Let me share a story that was widely reported in the media. It is hard to believe, but an old, sick man sat for four solid days on a bench on II. János Pál pápa tér surrounded by a swarm of wasps who were drawn to him by the sores on his legs. He was waiting there to die. No one paid the slightest attention to him, although a lot of passersby must have seen him. On that very square a few weeks earlier hundreds of asylum seekers had camped out, waiting for the trains to take them to Austria. The locals immediately reported them to the far-right Fidesz mayor of the district and demanded their removal. Yet a couple of weeks later no one cared one whit about that sick man. Their hatred of and callousness toward strangers seems to be stronger than their sense of solidarity, even with their own. Gusztáv Megyesi, the talented ÉS journalist, wrote a brilliant essay on this story in today’s Népszabadság.

Others express their amazement at the gullibility of the Hungarian people, which may well be linked to a school system that emphasizes rote learning instead of independent thinking. For a good five years Viktor Orbán’s foreign policy consisted of what he called the “Eastern Opening.” The West, he argued, was in decline but the illiberal states in the East are successful. Democracy is a cumbersome system of governance that doesn’t allow for a speedy reaction to a fast-changing world. But then comes the refugee crisis in which Orbán, knowing his people only too well, sees great opportunities to gain popular support, and he switches his line. The East is abandoned, and now all he talks about is defending European civilization from the East. Hungary, he now says, has been part of the West for 1,100 years. Earlier, he proudly announced that Hungarians are products of the East and that, in fact, he feels more at home in Kazakhstan than in Brussels. Yet an overwhelming number of Hungarians are ready to join him now in defense of the West just as they were willing to follow him to the East. The government’s manipulation machinery seems to work faultlessly because there is a large audience that all too easily succumbs to Viktor Orbán’s siren songs.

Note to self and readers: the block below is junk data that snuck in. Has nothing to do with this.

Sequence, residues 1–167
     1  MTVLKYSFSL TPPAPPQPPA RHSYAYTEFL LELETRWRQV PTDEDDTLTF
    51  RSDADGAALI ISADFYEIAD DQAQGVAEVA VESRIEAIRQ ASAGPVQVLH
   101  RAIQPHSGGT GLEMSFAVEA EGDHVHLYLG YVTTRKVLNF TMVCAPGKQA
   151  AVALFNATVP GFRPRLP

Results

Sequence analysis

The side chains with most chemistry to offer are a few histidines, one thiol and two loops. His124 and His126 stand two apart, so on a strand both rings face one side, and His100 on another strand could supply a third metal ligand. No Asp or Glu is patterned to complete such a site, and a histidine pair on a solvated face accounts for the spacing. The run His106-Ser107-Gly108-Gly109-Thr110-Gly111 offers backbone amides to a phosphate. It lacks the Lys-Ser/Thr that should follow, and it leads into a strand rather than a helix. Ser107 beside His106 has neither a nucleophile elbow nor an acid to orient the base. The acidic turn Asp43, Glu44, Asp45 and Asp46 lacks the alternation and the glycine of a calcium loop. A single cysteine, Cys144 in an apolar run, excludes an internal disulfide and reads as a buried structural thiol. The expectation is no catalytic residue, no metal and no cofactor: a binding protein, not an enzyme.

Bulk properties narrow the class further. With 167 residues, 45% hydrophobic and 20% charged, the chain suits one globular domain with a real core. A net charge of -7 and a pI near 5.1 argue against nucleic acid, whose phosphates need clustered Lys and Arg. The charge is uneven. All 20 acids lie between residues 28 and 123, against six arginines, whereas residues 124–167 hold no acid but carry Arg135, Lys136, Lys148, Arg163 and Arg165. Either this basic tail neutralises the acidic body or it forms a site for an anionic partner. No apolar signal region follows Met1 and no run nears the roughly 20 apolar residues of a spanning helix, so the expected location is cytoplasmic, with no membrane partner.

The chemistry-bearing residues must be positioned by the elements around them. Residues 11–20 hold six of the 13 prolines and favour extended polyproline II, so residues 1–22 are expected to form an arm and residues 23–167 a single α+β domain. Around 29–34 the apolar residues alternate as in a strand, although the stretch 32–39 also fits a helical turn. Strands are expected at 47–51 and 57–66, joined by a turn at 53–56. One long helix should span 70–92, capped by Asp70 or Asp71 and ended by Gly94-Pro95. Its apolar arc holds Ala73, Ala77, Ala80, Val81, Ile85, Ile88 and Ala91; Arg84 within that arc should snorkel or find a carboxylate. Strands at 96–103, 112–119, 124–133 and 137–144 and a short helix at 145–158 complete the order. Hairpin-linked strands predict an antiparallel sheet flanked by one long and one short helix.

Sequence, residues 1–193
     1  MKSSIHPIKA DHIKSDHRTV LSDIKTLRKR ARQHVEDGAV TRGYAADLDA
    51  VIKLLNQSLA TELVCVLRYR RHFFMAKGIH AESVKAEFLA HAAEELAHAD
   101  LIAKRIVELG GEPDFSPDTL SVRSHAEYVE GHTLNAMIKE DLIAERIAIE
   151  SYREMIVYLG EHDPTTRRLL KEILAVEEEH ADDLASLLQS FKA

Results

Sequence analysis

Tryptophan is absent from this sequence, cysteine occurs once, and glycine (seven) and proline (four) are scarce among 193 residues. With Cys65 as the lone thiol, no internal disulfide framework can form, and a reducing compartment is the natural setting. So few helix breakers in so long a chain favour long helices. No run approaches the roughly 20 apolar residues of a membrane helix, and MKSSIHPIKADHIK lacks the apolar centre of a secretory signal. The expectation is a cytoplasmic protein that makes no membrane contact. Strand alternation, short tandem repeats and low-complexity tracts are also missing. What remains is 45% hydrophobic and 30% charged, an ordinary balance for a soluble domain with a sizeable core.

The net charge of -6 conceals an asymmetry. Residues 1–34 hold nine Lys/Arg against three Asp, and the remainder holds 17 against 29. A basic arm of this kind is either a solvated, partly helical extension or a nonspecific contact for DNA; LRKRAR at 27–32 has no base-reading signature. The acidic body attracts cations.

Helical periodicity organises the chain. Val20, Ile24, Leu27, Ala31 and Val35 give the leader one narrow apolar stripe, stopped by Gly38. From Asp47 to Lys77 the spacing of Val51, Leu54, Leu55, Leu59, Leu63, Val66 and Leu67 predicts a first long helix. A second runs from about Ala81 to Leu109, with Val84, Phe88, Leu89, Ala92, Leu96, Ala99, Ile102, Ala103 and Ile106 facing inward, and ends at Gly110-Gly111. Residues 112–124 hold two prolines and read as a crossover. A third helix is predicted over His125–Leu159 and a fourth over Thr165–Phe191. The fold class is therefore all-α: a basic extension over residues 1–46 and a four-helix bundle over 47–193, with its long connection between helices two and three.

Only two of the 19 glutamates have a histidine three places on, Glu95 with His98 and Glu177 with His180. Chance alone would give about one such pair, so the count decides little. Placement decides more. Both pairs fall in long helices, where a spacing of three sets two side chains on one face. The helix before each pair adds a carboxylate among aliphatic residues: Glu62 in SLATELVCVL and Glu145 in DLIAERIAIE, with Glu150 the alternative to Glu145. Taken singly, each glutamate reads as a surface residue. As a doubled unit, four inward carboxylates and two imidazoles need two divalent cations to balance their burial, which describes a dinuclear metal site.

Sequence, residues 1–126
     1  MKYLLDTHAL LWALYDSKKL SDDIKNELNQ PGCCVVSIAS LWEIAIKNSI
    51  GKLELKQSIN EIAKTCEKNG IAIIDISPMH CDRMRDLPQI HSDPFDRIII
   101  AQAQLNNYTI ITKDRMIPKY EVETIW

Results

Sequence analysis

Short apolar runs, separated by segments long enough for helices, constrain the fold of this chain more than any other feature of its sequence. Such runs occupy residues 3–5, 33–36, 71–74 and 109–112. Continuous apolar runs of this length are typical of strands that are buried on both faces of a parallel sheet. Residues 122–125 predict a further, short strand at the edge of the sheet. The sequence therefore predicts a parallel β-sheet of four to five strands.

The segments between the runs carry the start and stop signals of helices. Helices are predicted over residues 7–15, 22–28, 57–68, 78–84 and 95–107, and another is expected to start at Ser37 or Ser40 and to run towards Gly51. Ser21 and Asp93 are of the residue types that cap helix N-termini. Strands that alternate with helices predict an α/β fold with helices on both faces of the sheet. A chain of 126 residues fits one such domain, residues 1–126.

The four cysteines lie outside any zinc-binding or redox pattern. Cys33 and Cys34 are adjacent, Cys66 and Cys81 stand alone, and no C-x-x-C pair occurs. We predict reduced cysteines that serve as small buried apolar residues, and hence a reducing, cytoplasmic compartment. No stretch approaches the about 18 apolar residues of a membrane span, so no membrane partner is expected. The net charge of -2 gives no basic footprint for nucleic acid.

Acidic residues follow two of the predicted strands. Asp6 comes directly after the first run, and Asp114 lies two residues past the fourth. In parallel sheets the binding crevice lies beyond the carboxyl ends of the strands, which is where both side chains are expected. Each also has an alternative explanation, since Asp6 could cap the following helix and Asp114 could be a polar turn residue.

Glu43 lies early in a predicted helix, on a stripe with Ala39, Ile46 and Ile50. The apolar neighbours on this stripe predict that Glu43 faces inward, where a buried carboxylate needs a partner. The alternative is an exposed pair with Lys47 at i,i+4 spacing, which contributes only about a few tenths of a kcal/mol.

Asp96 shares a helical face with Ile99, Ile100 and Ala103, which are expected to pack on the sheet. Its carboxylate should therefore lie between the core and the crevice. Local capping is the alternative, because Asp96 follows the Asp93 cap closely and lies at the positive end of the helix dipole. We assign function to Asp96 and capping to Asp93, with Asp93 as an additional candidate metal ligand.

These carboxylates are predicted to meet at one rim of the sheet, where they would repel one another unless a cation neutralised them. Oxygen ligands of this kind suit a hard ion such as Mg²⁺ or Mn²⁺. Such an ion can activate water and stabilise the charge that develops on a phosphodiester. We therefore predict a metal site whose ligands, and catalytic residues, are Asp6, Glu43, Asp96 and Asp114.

solidarity2

Orbán’s anti-immigration propaganda has only strengthened the lack of solidarity prevalent in Hungarian society. And solidarity is a significant component of what makes societies successful. Studies have shown that societies in which different social groups feel solidarity toward one another are more successful than those where such solidarity is either nonexistent or weak. But the Orbán government has effectively abandoned certain segments of society. For example, those who live in poverty. The government is interested only in people who are better off economically and has made it clear that with the low flat tax they will be even better off. As a Népszabadság journalist points out in an op/ed piece titled Keleti (Eastern), even Greece and Portugal have developed more robust social networks to look after society’s neediest than Hungary has. Viktor Orbán lacks empathy and thus solidarity with others. László Lengyel repeats the words of Viktor Orbán who in one of his speeches blamed Aljan Kurdi’s parents for the little boy’s death. It was irresponsible of his parents to start the journey at all. After all, he said, their lives were not in danger in Turkey. But if we applied that kind of thinking to other life situations, the end result would be a placid acceptance of the inevitable and the suppression of any desire for change. Wasn’t it irresponsible to fight against the Kádár regime in the 1980s? After all, the lives of those people were not in danger. Surely, there are times when one has to act even if his life is not in imminent danger. Every move entails unforeseen dangers, but without initiative life is empty.

Orbán created a country where no one wants to settle and many have already left or want to leave. It is a country where far too few people are interested in the world around them or seem to care that their freedom is being taken away from them bit by bit. When will they wake up, if at all?

The city of Miskolc is ready to pay its Roma inhabitants to leave town

Today we are moving to Miskolc just as one of the ministries may do sometime in 2015 if the Orbán government disperses its ministries all over the country, as currently planned.

This is Hungarian Spectrum‘s second trip to Miskolc, a city that has fallen on hard times in the last twenty-five years. Miskolc and environs was one of the most important centers of Hungarian heavy industry in the socialist period. In the 1970s almost 80% of the workforce of the county of Borsod-Abaúj-Zemplén worked in that sector. After the change of regime, with the disappearance of heavy industry, the area became one of the most impoverished in the country. Miskolc, the county seat, had a population of almost 200,000 in the 1970s; today it is around 160,000.